Earlier this month, apprentices, employers, and learning providers were celebrating the UK’s 14th annual National Apprenticeship Week. This was an opportunity to celebrate apprenticeships and showcase how they have benefitted employers and supported people of various ages and backgrounds to become more confident, skilled, and work ready.
I went to a grammar school and usually the next step after A Levels is going to university. However, I was not the type of person who knew exactly what they wanted to do from a young age. I didn’t have a specific career in mind, so I wanted to explore my options before making any life-changing decisions. I applied for work experience at Walsall Council and ended up in the Community Cohesion and Equalities Team. After a few months, they advertised an apprenticeship vacancy in the team for a Level 3 Business Administration Apprentice. I applied, got through to the interview stage, and was successful in securing the position. I’ve now progressed onto a Level 4 Project Management Apprenticeship and I’m currently working on a Central Government funded pilot project around community cohesion and integration. My role involves managing Equality, Diversity and Inclusion projects which support underrepresented group, such as women, ex-offenders, and ethnic minority communities, into employment.
Most of my family went to university, but I’m the first person to do an apprenticeship so it’s been a learning curve. However, as a result of my apprenticeship, my confidence, skills and knowledge have grown, and the work is rewarding as it positively impacts local people. I’ve also had the opportunity to join the Young Apprenticeship Ambassador Network (YAAN), a national network of current and past apprentices who share their apprenticeship story to inspire others and the Association of Apprentices, a new membership organisation for apprentices that will provide support, information, guidance and social opportunities for apprentices.
Apprenticeships often get a bad reputation and there can be negative assumptions made about apprentices and why they chose to do an apprenticeship rather than taking the traditional route of going to university.
‘Apprenticeships are only for young people’ – Apprenticeships are open to anyone who is 16 years old and above. There is no upper age limit. The apprenticeship levy is used by employers to upskill their current staff as well as new apprentices, so you can be in a senior position and have the opportunity to undertake a degree apprenticeship.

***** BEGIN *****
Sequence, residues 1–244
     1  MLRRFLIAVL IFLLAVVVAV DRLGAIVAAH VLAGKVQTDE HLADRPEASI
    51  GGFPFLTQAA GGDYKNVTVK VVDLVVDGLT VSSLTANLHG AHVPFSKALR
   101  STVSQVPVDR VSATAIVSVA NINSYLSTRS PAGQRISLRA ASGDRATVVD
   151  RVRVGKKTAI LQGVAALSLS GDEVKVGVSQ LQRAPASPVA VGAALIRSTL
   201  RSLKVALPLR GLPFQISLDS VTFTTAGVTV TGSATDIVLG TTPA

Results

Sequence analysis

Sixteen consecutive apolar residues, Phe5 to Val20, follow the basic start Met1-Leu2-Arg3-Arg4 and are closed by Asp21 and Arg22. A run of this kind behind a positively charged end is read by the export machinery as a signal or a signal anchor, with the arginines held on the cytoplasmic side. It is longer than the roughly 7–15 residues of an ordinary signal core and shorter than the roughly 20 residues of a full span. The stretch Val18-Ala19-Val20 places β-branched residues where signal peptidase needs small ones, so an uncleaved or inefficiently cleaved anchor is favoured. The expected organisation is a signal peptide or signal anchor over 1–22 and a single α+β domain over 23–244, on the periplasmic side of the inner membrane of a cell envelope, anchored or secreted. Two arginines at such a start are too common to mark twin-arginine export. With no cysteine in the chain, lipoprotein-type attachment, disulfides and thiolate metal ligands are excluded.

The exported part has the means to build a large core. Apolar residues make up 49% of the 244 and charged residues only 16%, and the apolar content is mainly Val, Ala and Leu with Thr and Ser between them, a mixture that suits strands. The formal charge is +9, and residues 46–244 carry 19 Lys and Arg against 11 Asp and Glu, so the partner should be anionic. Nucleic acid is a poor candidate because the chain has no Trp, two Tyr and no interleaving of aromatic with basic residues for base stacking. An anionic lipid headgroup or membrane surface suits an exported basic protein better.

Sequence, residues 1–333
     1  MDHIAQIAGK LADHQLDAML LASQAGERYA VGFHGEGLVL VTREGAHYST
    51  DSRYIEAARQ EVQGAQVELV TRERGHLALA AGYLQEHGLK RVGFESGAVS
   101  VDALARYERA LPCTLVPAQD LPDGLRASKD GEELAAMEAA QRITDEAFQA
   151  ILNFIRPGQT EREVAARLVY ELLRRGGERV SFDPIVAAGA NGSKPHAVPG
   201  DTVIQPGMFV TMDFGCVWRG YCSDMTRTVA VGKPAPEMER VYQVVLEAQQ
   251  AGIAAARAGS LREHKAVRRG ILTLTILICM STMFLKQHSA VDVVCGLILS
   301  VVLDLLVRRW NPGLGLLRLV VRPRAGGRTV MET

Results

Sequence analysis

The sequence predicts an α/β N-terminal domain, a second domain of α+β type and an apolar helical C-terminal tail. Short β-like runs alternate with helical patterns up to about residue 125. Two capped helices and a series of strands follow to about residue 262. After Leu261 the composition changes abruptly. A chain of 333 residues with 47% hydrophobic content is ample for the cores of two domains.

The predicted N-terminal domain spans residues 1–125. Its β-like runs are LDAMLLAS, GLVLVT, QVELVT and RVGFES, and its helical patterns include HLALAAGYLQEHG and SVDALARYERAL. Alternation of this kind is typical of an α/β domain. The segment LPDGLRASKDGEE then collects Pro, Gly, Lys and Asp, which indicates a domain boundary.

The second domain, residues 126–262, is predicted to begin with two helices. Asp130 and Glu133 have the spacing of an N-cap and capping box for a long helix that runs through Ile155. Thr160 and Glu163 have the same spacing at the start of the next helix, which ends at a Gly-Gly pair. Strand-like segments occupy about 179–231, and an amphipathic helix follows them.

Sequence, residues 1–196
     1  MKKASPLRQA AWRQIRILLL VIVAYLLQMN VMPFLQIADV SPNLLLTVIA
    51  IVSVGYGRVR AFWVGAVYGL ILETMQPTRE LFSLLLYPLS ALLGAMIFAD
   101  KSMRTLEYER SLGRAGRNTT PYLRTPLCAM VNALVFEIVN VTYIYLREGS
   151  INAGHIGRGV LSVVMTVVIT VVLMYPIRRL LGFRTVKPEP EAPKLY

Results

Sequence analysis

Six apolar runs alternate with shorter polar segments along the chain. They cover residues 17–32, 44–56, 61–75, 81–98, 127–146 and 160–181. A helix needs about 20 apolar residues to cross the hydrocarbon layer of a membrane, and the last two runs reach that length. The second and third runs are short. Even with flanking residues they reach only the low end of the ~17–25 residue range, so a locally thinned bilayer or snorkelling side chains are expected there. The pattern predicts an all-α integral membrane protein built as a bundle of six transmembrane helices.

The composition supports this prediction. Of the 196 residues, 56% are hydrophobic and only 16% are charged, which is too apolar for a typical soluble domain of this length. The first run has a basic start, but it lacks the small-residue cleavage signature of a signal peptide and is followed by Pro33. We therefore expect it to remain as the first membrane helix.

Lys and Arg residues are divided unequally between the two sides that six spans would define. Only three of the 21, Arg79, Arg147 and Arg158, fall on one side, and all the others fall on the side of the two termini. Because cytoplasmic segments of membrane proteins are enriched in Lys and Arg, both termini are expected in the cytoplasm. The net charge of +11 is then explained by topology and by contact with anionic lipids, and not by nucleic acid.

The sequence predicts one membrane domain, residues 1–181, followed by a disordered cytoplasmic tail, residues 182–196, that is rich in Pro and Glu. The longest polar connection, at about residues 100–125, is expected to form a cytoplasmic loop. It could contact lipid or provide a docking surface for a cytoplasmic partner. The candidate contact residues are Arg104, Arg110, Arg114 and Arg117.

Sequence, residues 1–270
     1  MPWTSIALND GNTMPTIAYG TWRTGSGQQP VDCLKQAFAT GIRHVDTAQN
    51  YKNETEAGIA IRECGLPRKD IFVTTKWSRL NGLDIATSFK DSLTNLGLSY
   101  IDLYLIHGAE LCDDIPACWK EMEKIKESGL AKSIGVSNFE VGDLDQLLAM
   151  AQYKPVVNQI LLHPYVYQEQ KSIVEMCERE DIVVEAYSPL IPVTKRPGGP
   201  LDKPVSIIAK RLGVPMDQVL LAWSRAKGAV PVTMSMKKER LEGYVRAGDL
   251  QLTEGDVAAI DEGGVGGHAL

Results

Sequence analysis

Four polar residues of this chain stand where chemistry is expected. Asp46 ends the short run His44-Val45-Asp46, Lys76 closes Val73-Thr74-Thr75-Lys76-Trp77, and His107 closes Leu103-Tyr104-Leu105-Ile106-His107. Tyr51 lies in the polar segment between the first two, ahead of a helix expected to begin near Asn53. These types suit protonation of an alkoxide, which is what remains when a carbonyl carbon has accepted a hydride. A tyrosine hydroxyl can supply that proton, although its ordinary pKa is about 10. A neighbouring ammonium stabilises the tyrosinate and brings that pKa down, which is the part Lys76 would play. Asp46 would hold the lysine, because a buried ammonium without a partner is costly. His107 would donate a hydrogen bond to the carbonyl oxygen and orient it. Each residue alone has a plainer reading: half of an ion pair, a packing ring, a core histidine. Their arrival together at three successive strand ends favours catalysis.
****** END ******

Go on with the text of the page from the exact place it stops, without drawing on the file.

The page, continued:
‘Apprenticeships are for people who didn’t get into university’ – An apprenticeship is a brilliant opportunity for students who prefer a hands-on approach to learning and want to go straight into work and start earning. For most apprenticeships, you need a C grade average in your GCSEs. However, some more technical apprenticeships can require higher grades at A Level and GCSE and competition for these can be tough.
‘Apprenticeships are an easy option compared to university’ – An apprenticeship requires you to work a full time job, usually 37 hours a week, and also complete assignments, coursework, and exams to qualify. There are so many demands on your time whilst doing an apprenticeship and time management is key. Apprenticeships are definitely not an easy option.
‘An apprenticeship is not a proper job’ – Apprentices are given real responsibility. There’s a myth that apprentices are lumped with tedious tasks like making tea. Apprentices need to cover a wide range of tasks in order to successfully complete their apprenticeship. Their employer is required to give apprentices practical and relevant work that supports their professional development. It would not make sense for an employer to make a financial investment to take on an apprentice and then give tasks with little value to the business. Apprentices work alongside experienced professionals on projects that have a real impact.
What are the benefits of doing an apprenticeship?
- You get a recognised qualification
- First hand industry experience
- Opportunity to learn from seasoned professionals
- Earn a salary from day one
- Your qualification fees are paid by your employer which means no debt
- Paid annual leave
- Time during work hours to complete your qualification
- 1-to-1 support from your assessor, line manager and team
- Improves your employability
Doing an apprenticeship is the best decision I have ever made. Having that real life work experience, as well as a qualification, are invaluable. However, there is no ‘one size fits all’ solution to guaranteeing your dream career. What’s important is thoroughly researching and considering all your options and weighing the pros and cons. It’s a big decision so don’t make it lightly. Also, don’t be afraid to stand out from the crowd and forge your own path. Who knows, you may decide that an apprenticeship is the best choice for you.